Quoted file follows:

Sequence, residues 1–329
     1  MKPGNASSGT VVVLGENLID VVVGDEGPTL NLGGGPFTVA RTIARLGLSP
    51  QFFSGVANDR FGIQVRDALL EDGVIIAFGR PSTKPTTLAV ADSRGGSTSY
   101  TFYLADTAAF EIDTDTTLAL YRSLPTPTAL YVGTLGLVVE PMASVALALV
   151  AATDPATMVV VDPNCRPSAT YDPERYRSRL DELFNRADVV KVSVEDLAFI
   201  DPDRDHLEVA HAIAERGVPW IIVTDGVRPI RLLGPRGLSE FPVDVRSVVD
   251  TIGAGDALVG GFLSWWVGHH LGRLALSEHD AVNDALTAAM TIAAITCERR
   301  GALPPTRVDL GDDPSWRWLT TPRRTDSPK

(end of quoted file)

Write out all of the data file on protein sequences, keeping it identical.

Sequence, residues 1–329
     1  MKPGNASSGT VVVLGENLID VVVGDEGPTL NLGGGPFTVA RTIARLGLSP
    51  QFFSGVANDR FGIQVRDALL EDGVIIAFGR PSTKPTTLAV ADSRGGSTSY
   101  TFYLADTAAF EIDTDTTLAL YRSLPTPTAL YVGTLGLVVE PMASVALALV
   151  AATDPATMVV VDPNCRPSAT YDPERYRSRL DELFNRADVV KVSVEDLAFI
   201  DPDRDHLEVA HAIAERGVPW IIVTDGVRPI RLLGPRGLSE FPVDVRSVVD
   251  TIGAGDALVG GFLSWWVGHH LGRLALSEHD AVNDALTAAM TIAAITCERR
   301  GALPPTRVDL GDDPSWRWLT TPRRTDSPK